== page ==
For I know the plans I have for you, declares the LORD, plans for welfare and not for evil, to give you a future and a hope. – Jeremiah 29:11
I’m old enough to remember a particular radio spot about a superhero, in which the phrase “He’s everywhere, he’s everywhere!” introduced each little episode of his interesting adventures. Today’s contribution to the ‘Eisegeses Unplugged’ Series has it’s own version: “It’s everywhere, it’s everywhere!”
This passage has been claimed as universal promise for each and every Christian, in evangelical circles across the land. It’s also used quite frequently in by hose engaged in ‘wooing’ people to Christ. But is that the original context in which it was used? Who spoke those famous words, to whom, and why? Let’s take a look.
These are the words of the letter that Jeremiah the prophet sent from Jerusalem to the surviving elders of the exiles, and to the priests, the prophets, and all the people, whom Nebuchadnezzar had taken into exile from Jerusalem to Babylon (v 1). . . . “Thus says the LORD of hosts, the God of Israel, to all the exiles whom I have sent into exile from Jerusalem to Babylon (v 4). . . . “For thus says the LORD: When seventy years are completed for Babylon, I will visit you, and I will fulfill to you my promise and bring you back to this place. For I know the plans I have for you, declares the LORD, plans for welfare and not for evil, to give you a future and a hope. Then you will call upon me and come and pray to me, and I will hear you (vv 10-12)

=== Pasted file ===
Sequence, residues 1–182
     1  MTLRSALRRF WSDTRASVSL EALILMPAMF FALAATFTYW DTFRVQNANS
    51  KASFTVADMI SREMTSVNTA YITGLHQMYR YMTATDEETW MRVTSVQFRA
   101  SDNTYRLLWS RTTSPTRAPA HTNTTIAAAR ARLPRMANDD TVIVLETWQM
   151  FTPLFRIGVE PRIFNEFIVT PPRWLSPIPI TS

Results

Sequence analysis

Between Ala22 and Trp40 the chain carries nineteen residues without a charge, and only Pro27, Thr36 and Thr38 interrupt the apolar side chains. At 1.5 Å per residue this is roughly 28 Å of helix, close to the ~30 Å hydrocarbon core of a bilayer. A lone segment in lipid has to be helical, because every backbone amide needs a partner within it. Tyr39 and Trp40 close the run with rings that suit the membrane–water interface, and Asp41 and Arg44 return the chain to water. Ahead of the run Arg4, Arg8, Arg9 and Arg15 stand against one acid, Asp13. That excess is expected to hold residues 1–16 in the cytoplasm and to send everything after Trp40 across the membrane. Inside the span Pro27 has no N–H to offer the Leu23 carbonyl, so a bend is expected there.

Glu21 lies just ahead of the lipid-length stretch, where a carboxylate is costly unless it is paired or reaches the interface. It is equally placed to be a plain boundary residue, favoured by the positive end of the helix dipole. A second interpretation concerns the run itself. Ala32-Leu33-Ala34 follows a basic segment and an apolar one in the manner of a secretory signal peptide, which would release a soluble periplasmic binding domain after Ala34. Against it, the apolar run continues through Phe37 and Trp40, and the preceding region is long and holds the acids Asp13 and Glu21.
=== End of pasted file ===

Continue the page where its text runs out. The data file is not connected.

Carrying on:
The passage under discussion was originally spoken via letter to children of God from Jerusalem, living in exile in Babylon because of their unfaithfulness and idolatry, reminding them that the exile would not last forever, but there was hope for the future. that’s the context.
Please don’t misunderstand me, I believe that God does have plans for all of His children, and that God offers us all relief from the ‘stuff’ of life that we face. However, I don’t think it’s wise to claim universal individual ‘promises’ from passages of scripture into which we tend ‘fit’ our own aspirations and dreams.
The ‘eisegesis’ involved with this passage, along with many others, is at least 1) reading into the context that which is not there and 2) the fleshly tendency to define what we want God’s provision to look like. And if we never experience what we think we have been promised, the enemy has a field day with our faith, if not the assurance of our salvation.
Oh, I almost forgot. There’s also the little issue of those throughout the history of the church who might disagree with the ‘wonderful plan’ idea. You can start with the disciples and move forward in time. Don’t forget the Apostle Paul, Fox’s Book of Martyrs, many who served on the mission field (Jim Elliot comes to mind), Richard Wurmbrand , and those whose torture, persecution and death are reported almost daily in this, the ‘enlightened’ 21st century.
Once again, we report, you decide.